Forty years of classical music in London with Time Out
As Time Out turns 40, Time Out looks at the estimable institutions on London’s classical music scene that have come into being in the last four decades
In the same week that Time Out celebrates its 40th, London’s newest concert venue opens its doors. King’s Place, an arts/office complex near King’s Cross, offers classical music aficionados two halls: the more impressive Hall One seats 420 and promises to be an exciting addition to the city’s quality chamber spaces. The centre opens on Wednesday with the first 20 concerts in its ambitious five-day 100-concert series.
By coincidence, King’s Place is also the new administrative home to two orchestras, both of which were founded in the past 40 years: the London Sinfonietta, exactly 40 years ago, and 18 years later the Orchestra of the Age of Enlightenment. The former one of the world’s leading contemporary music ensembles, the latter holding similar status in the milieu of music of the baroque period.
Another relative newcomer is Cadogan Hall, a former church off Sloane Square in Chelsea. Built in 1907, and now home to the Royal Philharmonic Orchestra, it opened as a classical concert venue in 2004 and can seat 900 in a lovely resonant church space, without all the pillars.
Speaking of resonant churches, St John’s Smith Square, Westminster, presented its first classical concert in October 1969 and hasn’t stopped since.
Pleasing orchestral acoustics can also be enjoyed in the heart of the City at the Barbican Hall. Opened in 1982, the near-2,000 seater venue is the home to the London Symphony Orchestra and BBC Symphony Orchestra. Its little sister, LSO St Luke’s, was opened in 2003. This beautifully restored baroque church is just up the road on Old Street.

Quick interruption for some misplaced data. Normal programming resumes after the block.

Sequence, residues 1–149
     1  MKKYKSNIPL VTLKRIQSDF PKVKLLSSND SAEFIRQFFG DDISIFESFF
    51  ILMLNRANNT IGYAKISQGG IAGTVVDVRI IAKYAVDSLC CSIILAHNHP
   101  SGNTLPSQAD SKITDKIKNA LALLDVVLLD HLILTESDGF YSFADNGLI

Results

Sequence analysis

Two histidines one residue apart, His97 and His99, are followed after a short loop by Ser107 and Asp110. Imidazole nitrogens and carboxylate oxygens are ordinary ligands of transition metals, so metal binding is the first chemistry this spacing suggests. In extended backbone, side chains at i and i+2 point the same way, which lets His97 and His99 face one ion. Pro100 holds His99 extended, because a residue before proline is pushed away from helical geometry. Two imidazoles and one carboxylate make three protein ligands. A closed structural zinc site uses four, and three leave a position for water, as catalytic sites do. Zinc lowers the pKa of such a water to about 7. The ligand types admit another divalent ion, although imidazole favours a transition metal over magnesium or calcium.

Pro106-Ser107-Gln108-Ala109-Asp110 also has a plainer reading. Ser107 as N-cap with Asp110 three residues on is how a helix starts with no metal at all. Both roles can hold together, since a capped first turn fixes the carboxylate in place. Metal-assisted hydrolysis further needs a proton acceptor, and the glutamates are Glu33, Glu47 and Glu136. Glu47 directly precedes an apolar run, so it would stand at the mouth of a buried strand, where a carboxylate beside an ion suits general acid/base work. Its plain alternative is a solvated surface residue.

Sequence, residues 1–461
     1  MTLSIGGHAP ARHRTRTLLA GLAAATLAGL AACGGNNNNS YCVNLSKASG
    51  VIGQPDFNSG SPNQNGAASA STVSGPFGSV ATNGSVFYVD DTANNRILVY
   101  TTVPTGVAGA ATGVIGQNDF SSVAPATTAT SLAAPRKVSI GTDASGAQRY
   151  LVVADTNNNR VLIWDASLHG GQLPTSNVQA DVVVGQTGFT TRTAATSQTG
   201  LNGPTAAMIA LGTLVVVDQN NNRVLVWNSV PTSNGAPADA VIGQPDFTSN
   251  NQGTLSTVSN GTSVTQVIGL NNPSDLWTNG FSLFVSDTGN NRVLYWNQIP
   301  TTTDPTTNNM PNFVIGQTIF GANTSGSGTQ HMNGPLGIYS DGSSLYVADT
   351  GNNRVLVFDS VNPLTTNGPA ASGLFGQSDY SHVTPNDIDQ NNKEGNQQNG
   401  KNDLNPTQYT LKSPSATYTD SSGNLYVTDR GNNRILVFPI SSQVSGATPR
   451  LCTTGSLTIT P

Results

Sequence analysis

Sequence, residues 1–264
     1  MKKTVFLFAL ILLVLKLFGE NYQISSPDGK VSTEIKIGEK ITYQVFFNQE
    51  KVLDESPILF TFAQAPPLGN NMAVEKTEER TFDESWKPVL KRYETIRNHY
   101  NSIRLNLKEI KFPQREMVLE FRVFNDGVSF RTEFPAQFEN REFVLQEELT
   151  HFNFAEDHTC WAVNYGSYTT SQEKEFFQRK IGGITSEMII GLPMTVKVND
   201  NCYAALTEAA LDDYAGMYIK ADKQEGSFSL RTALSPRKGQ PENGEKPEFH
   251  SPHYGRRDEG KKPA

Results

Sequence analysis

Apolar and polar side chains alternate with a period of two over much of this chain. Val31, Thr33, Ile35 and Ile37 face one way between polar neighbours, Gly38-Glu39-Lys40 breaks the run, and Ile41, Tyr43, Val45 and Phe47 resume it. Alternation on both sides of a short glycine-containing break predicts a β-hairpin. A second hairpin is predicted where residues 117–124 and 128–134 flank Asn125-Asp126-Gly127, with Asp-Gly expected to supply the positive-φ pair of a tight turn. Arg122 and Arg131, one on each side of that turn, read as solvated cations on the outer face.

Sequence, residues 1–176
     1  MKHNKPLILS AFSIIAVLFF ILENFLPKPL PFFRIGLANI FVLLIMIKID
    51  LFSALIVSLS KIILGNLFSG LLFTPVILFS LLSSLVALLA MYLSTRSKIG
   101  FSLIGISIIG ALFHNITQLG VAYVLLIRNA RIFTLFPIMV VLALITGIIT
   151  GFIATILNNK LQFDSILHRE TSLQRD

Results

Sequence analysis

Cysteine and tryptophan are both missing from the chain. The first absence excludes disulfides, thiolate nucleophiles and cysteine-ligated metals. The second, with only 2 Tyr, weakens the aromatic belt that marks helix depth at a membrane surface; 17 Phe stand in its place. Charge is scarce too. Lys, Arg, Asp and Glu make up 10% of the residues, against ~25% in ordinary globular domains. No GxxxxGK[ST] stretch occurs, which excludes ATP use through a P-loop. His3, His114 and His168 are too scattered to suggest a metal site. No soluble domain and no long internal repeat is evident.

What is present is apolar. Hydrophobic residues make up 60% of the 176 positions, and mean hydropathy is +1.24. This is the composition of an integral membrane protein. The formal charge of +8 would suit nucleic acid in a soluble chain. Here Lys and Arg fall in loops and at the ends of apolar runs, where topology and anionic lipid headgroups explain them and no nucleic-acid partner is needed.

Another venerable institution celebrating a ruby anniversary is English National Opera. In 1968, the company moved down to the
West End from its original Islington home, changing its name from Sadler’s Wells Opera. It has been at the Coliseum, a former music hall, on
St Martin’s Lane ever since and, after a few recent bumpy years, has found a resurgence under its new music director, the talented conductor Edward Gardner.
Turning to festivals, the Proms may have been going for over a century, but several other notable annual grand slams have flowered in recent years. The Spitalfields Festival, based at Hawksmoor’s Christ Church, was founded in 1976, and now encompasses a three-week festival in June and a ten-day festival in December. Its directors have included the composers Jonathan Dove and Judith Weir.
Although the Royal Festival Hall opened on the South Bank in 1951 (with the Queen Elizabeth Hall and Purcell Room in 1967), the Meltdown Festival held there is only 15 years old. Its eclectic nine-day series of concerts has been curated by such luminaries as composers George Benjamin, Louis Andriessen and Magnus Lindberg.
Mostly Mozart at the Barbican Hall was modelled on the New York festival series and has been celebrating the Son of Salzburg here since 2002.
The King's Place Opening Festival continues until October 5.
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